Japanese Journal of Religious Studies

Japanese Journal of Religious Studies is a magazine focusing on Japanese Religious Studies

Articles from Vol. 34, No. 1, 2007

Christianity and Gender Relationships in Japan: Case Studies of Marriage and Divorce in Early Meiji Protestant Circles
It is accepted that Victorian attitudes to love, chastity, marriage, and the family, all rooted in Christianity, played an important part in changing norms of behavior related to gender relationships in Meiji Japan. But writers on Christianity in Meiji...
Christian Prophecy in Japan: Uchimura Kanzo
Uchimura Kanzo (1861-1930) was an extremely accomplished Meiji Christian convert who emphasized a Christianity he considered in tune with traditional Japanese religiosity and free of Western influence. When a child, he observed his family's distress...
Christians in Japan
(ProQuest-CSA LLC: ... denotes non-USASCII text omitted.)IN SEPTEMBER 2005 the Department of Asian Studies at the University of British Columbia hosted a remarkable two-day symposium somewhat grandly titled, "Experiences With and Within: Christians in...
Japanese Immigrants and Their Christian Communities in North America: A Case Study of the Fukuinkai, 1877-1896
On 6 October 1877, several Japanese Christian students living in San Francisco gathered and organized the Fukuinkai (Gospel Society) for Bible study and to encourage mutual concern and support among members who shared similar difficulties and struggles....
Japan's Modern Prophet: Uchimura Kanzo
John F. Howes, Japan's Modern Prophet: Uchimura Kanzo Vancouver & Toronto: University of British Columbia Press, 2006. xvi + 445 pp. $32.95 paper, isbn 978-0774811460.BASED ON his dissertation completed in 1965, which covered the life of Uchimura...
Journey to the West
What is often called the first Japanese embassy to Europe was actually a publicity stunt conceived in 1582 by Alexandro Valignano, the inspector of the Portuguese-sponsored Asian missions of the Society of Jesus. Four teenagers from Kyushu were paraded...
Nitobe Inazo and the Sapporo Band: Reflections on the Dawn of Protestant Christianity in Early Meiji Japan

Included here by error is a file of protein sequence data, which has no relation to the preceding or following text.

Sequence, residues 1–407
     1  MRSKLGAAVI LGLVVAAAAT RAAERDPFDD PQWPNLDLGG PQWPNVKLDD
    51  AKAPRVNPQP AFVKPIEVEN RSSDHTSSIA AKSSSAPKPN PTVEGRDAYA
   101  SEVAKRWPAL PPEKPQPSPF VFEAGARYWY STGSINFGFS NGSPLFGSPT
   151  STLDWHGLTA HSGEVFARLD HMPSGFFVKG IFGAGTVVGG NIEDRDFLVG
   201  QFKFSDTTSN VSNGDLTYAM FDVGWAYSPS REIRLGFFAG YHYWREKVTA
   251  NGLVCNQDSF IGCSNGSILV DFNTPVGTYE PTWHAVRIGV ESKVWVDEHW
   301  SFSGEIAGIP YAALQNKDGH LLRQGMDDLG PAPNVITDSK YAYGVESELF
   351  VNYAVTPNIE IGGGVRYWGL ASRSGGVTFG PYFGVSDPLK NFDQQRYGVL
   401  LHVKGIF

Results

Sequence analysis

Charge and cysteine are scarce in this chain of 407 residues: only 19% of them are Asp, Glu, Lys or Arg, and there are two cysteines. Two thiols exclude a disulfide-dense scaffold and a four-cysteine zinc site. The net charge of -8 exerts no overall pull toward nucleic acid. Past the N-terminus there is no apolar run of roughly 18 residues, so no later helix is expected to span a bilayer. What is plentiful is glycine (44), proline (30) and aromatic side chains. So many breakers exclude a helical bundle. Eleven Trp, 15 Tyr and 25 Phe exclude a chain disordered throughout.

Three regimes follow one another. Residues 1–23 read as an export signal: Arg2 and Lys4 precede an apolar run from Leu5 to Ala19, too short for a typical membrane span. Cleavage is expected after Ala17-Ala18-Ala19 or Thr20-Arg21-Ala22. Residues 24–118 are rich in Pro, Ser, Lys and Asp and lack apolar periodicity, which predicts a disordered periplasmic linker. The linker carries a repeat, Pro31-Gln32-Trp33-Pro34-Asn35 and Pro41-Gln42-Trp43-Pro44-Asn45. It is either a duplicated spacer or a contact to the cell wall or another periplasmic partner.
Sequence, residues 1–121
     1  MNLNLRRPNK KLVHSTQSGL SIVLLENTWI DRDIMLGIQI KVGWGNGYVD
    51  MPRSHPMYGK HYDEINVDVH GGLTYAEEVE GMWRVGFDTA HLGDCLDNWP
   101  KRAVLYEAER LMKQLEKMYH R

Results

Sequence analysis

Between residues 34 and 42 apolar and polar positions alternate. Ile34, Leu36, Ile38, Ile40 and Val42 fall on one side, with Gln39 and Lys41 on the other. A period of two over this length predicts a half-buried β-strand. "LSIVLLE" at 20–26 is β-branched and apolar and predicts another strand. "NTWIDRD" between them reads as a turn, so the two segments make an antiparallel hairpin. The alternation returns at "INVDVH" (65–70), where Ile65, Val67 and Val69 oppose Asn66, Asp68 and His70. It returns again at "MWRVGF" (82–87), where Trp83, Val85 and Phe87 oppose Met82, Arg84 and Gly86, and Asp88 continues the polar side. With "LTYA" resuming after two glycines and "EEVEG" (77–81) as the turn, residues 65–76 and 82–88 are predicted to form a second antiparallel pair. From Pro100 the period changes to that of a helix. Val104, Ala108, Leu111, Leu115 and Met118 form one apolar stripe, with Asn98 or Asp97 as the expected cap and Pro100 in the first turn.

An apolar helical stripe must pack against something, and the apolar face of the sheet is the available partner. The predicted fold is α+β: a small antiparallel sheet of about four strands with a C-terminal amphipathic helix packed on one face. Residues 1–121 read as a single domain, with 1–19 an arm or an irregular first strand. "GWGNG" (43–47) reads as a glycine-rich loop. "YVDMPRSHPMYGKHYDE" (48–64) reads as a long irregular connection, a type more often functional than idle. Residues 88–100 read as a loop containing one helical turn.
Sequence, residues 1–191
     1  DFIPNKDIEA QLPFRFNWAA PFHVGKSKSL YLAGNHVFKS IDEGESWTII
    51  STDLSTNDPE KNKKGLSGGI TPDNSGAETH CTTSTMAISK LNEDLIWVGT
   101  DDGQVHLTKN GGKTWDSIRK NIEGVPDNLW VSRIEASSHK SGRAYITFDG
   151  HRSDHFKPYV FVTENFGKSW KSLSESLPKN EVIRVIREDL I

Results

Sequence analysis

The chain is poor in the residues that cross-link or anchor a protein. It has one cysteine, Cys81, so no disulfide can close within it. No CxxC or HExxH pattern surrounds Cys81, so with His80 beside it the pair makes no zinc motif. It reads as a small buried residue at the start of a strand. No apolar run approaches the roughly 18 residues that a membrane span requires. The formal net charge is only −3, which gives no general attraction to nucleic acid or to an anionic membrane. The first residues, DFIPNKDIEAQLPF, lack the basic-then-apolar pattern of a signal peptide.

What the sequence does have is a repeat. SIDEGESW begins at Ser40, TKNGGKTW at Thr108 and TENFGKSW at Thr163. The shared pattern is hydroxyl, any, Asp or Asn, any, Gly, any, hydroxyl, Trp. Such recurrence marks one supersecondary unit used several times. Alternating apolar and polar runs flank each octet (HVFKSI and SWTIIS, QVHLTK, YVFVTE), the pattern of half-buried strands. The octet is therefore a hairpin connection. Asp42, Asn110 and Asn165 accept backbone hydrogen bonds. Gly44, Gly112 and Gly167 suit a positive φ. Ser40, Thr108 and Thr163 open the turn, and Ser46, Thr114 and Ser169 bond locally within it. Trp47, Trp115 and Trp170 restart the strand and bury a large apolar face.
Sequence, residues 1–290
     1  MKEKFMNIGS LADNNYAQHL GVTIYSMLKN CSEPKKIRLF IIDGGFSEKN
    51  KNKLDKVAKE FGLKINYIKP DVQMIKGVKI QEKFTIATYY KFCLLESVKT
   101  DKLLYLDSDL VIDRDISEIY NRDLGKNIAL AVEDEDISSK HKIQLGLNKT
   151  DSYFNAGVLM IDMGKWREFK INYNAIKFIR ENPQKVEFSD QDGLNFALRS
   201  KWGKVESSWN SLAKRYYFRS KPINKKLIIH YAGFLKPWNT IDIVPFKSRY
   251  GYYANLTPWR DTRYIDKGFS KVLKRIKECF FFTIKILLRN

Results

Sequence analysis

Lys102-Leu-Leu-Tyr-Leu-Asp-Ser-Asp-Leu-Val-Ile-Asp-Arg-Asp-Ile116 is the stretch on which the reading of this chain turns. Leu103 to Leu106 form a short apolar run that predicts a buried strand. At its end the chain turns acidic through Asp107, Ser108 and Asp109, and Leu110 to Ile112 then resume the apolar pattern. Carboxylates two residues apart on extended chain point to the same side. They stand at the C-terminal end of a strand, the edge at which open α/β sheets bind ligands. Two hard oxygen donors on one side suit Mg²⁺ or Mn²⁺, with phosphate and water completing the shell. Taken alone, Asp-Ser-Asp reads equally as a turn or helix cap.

This paper focuses on the famous prewar internationalist Nitobe Inazo, and inquires into the origins of his Christian faith. Born in 1862 in Morioka in the last years of the Tokugawa period, he imbibed Christianity while attending the Sapporo Agricultural...
Tamura Naoomi's the Japanese Bride: Christianity, Nationalism, and Family in Meiji Japan
In 1893, Christian minister Tamura Naoomi provoked a heated debate among his contemporaries when he published an English-language book on Japanese family practices titled The Japanese Bride. While the book made no controversial or radical theological...
The Brotherhoods (Confrarias) and Lay Support for the Early Christian Church in Japan
By the end of the sixteenth century, the Japanese mission had become the largest overseas Christian community that was not under the rule of a European power. Its uniqueness was emphasized by Alessandro Valignano since 1582, who promoted a deeper accommodation...
The Conversion of Hideyoshi's Daughter Go
Despite the drastic curtailment of missionary activity in Japan that resulted from Toyotomi Hideyoshi's ban on Christianity in 1587, letters of the Jesuit missionaries reveal that the ban did not prevent the conversion of one lady, Go, a woman of the...
The Experiences of Christians during the Underground Years and Thereafter
This paper examines the "underground" Christians of the Edo period, looking principally at the experiences of Christians in community. It is argued that these experiences reflect a tension between the complementary realms of secrecy on the one hand and...
Toward a Modern Belief: Modernist Protestantism and Problems of National Religion in Meiji Japan
In this article, I discuss the significance of religious liberalism and reformism of Meiji Protestantism at the turn of the twentieth century. The period, I argue, is crucial to understanding Japanese Protestantism as modernist. The survival and expansion...